With the hull test fitted, and hopefully sanded to lose any seams, it is time to proceed to :

COLORS & MARKINGS

Painting tanks can be one of two things. Fun, or a real pain in the rear. I like to try to make it fun and simple.

Step One:  Paint everything with Krylon spray Chrome or Silver as mentioned above.Yep, I use a rattlecan.

Step Two:  Spritz the sprues with your owl watering spray bottle, or if you don’t have an owl, just use any ordinary spray bottle.

Step Three: Using a salt shaker full of salt (what a surprise), liberally coat the sprues that now have little water droplets on them with…salt. These need to be set aside to dry completely. The salt granules will stick to the plastic for up two 24 hours or so, so don’t rush it.

Step Four: With the salt dry, paint all of the sprues with flat black. This can be rattlecan or airbrushed on. I use rattlecans, because it is easier.

Step Five: Now it is time to “prime” the tank parts with either red or yellow ochre. I guess it would depend on which plant the tank was made at,  but I went with a yellow -tan.

Step Six: After this has completely dried, at least overnight, gently brush off the salt crumbs. You will now see a series of pieces with small silvery flecks showing through. Congratulations! If you have a cigar, smoke it! (away from the spray paint, please)

Painting the tracks: This is done in the same manner as the rest of the tank, but once dry, I give the tracks a light wash of an oil based wood stain. It is my favourite “worn steel” look, and given that these are the travel tracks, not the battle tracks, they should look worn.

FINAL CONSTRUCTION

 O.K. You now have a chunk of plastic bits that look like they have been put through the wringer a bit. This is perfect.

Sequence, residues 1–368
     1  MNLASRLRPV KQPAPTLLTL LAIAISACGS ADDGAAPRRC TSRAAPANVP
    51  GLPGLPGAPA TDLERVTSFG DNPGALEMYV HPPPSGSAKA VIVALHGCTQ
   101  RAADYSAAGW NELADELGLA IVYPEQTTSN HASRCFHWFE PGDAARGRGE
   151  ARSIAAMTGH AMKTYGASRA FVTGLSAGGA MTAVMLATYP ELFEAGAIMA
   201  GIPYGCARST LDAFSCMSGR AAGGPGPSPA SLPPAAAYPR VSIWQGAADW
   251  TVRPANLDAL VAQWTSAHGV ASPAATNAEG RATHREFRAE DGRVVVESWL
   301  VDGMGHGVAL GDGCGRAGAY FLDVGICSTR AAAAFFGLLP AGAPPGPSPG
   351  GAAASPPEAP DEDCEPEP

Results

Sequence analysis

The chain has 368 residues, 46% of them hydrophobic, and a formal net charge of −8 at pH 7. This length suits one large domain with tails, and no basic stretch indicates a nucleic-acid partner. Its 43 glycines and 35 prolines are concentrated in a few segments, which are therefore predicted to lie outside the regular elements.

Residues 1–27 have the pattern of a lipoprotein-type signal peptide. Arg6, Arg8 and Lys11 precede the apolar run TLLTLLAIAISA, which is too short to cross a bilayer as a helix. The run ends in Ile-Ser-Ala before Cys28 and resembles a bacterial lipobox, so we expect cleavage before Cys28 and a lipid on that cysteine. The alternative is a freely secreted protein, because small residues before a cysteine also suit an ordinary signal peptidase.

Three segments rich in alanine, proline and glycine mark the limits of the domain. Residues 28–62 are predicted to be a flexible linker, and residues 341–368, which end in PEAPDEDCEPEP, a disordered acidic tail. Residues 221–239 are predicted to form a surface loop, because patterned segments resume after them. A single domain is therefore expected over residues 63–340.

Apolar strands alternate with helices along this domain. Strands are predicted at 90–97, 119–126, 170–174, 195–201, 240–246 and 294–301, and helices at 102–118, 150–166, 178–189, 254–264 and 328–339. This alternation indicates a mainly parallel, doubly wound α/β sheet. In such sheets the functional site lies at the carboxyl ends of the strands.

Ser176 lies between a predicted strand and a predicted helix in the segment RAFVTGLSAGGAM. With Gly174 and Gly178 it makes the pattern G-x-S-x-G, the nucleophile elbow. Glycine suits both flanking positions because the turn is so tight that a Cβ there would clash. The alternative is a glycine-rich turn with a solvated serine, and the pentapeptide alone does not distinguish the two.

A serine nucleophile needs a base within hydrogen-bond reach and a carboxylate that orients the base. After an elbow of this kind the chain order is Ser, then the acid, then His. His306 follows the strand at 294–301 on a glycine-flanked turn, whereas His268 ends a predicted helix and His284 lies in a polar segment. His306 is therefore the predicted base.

The link track isn’t as tough as people yap about to put together, and for a tank that has no upper bogies, almost necessary if you want them to be convincing. The Germans had droop.

Assemble the track pieces in small increments, maybe two or three pieces glued together at a time. The bottom treads can be made into a solid run, as this heavy of a tank would not have had much divotting in between each wheel. Glue these track pieces into place. I used a pair of hemostats to get all the bits and whatnot put in. Tweezers will work, but ‘stats are much easier. Take your time. This is like tying flies for fishing, you just have to be zen-like about it.  Watch Kelly’s Heroes or something.

I glued the droop segment of the tracks to the front sprockets, then slid them into place. This is the easiest way to get a decent track fall.   Install the road wheels and front and rear sprockets (see why I said use separate boxes? Huh?).

 When you have all of the tracks on, and they look good, then you can put on the top half of the hull. Hopefully, you paid attention to the fit, and you won’t need any filler like I did. Thank heavens for airbrushes!

The Gun:  A tank without a big gun is nothing more than a large SUV that is terribly fuel inefficient. Sort of like a Hummer.

The 88 (?) on this model is of so-so quality. I really wish they would just include stock turned aluminium barrels in these boxes, but in this case, we have a bunch of bits that have to be assembled into a long , long barrel.

I had to sand out part D19 quite a bit to get it to mate correctly with the barrel. Do not glue the gun into the mantlet yet. Wait. Trust me.

The Turret:  Once again, the engineering of this kit is absolutely amazing, and reflected in the molding of the turret bits. Every seam is well thought out, and the main turret goes together like on of those kits you remember from your childhood, before you really cared if the weld seams were correct for the “panzerkampfwagen 19” or whatever.

The bottom of the barrel at the base is too scrawny, so I beefed mine up with a semi-circle of tube styrene.

MORE PAINTING